A Sketch of the Development of Philosophic Thought from Thales to Kant

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Macmillan, 1900 - Knowledge, Theory of - 359 pages
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Page 230 - Since it is the understanding that sets man above the rest of sensible beings, and gives him all the advantage and dominion which he has over them; it is certainly a subject, even for its nobleness, worth our labour to inquire into.
Page 347 - Here, then, is a kind of pre-established harmony between the course of nature and the succession of our ideas; and though the powers and forces, by which the former is governed, be wholly unknown to us; yet our thoughts and conceptions have still, we find, gone on in the same train with the other works of nature.
Page 291 - Per substantiam nihil aliud intelligere possumus, quam rem quae ita existit, ut nulla alia re indigeat ad existendum.
Page 350 - Propositions of this kind are discoverable by the mere operation of thought, without dependence on what is anywhere existent in the universe. Though there never were a circle or triangle in nature, the truths demonstrated by Euclid would for ever retain their certainty and evidence.
Page 230 - Whereas, were the capacities of our understandings well considered, the extent of our knowledge once discovered, and the horizon found which sets the bounds between the enlightened and dark parts of things; between what is and what is not comprehensible by us, men would perhaps with less scruple acquiesce in the avowed ignorance of the one, and employ their thoughts and discourse with more advantage and satisfaction in the other.
Page 236 - I think it is easy to draw this observation, that the ideas of primary qualities of bodies are resemblances of them, and their patterns do really exist in the bodies themselves; but the ideas produced in us by these secondary qualities have no resemblance of them at all.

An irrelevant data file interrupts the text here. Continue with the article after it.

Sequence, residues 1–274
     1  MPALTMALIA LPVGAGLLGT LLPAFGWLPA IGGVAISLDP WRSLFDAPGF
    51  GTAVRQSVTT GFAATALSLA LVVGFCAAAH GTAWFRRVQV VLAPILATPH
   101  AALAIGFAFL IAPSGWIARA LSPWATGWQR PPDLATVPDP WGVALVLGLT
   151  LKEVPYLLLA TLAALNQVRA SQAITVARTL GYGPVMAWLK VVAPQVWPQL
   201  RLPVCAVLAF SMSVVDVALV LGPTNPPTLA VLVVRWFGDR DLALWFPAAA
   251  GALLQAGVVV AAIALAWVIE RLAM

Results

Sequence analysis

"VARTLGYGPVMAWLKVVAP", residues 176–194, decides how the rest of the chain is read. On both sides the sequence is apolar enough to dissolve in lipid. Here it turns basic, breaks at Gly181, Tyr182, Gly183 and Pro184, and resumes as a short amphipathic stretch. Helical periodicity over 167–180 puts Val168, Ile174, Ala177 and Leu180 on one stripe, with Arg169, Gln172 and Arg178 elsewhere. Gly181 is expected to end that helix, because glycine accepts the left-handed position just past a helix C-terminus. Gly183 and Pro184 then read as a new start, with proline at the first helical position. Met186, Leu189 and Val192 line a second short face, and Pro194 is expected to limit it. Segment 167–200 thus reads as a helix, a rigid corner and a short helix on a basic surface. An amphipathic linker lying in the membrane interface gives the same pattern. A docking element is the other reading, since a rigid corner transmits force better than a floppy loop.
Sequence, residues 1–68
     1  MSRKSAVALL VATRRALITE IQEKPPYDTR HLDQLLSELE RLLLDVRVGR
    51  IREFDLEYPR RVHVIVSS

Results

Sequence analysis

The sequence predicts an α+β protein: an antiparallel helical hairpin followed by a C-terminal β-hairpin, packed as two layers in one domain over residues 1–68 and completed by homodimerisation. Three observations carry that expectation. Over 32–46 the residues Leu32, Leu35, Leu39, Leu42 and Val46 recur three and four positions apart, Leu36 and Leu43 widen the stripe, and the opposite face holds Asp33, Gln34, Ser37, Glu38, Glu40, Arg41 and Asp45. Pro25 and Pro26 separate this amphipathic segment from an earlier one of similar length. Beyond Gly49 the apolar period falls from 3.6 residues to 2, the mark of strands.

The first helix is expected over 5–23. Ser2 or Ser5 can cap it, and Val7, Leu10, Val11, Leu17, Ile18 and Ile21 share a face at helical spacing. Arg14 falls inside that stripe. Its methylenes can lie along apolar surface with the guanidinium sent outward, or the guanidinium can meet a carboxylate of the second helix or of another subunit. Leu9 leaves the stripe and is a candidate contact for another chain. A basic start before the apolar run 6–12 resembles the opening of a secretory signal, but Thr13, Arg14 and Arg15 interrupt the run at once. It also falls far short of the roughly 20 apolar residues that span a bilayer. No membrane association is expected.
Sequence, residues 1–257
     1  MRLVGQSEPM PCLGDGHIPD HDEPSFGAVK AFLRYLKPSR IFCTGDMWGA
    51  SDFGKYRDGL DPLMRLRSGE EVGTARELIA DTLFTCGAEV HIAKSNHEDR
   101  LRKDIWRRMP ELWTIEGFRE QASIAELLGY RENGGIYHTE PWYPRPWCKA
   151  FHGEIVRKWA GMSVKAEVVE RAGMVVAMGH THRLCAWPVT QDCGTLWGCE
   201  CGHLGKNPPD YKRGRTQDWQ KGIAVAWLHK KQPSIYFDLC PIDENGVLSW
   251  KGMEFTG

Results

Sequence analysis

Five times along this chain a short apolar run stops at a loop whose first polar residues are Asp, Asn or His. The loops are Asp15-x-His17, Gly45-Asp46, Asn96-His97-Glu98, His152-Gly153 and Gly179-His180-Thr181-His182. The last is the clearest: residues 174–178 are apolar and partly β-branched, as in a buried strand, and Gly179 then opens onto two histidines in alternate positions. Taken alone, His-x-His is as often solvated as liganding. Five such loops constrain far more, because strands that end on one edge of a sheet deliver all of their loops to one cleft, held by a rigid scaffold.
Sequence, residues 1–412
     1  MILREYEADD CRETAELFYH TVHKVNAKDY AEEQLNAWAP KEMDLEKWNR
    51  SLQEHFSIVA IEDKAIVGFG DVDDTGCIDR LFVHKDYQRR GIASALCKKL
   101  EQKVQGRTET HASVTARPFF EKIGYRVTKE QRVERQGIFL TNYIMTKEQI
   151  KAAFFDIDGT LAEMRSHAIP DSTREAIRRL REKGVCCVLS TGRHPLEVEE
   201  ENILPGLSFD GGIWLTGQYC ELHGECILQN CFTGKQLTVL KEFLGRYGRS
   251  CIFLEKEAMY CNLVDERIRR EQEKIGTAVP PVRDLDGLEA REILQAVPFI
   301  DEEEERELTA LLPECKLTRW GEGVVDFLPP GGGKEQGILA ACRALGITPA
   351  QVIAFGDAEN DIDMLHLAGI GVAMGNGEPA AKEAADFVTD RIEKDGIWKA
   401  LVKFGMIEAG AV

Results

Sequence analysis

Page 346 - It is certain, that the most ignorant and stupid peasants, nay infants, nay even brute beasts, improve by experience, and learn the qualities of natural objects, by observing the effects which result from them. When a child has felt the sensation of pain from touching the flame of a candle, he will be careful not to put his hand near any candle ; but will expect a similar effect from a cause which is similar ii> its sensible qualities and appearance.
Page 350 - Matters of fact, which are the second objects of human reason, are not ascertained in the same manner; nor is our evidence of their truth, however great, of a like nature with the foregoing. The contrary of every matter of fact is still possible; because it can never imply a contradiction, and is conceived by the mind with the same facility and distinctness, as if ever so conformable to reality.
Page 352 - It is universally allowed by modern enquirers, that all the sensible qualities of objects, such as hard, soft, hot, cold, white, black, &c. are merely secondary, and exist not in the objects themselves, but are perceptions of the mind, without any external archetype or model, which they represent. If this be allowed, with regard to secondary qualities, it must also follow, with regard to the supposed primary qualities of extension and solidity; nor can the latter be any more entitled to that denomination...
Page 234 - I can give any account of the ways, whereby our understandings come to attain those notions of things we have...

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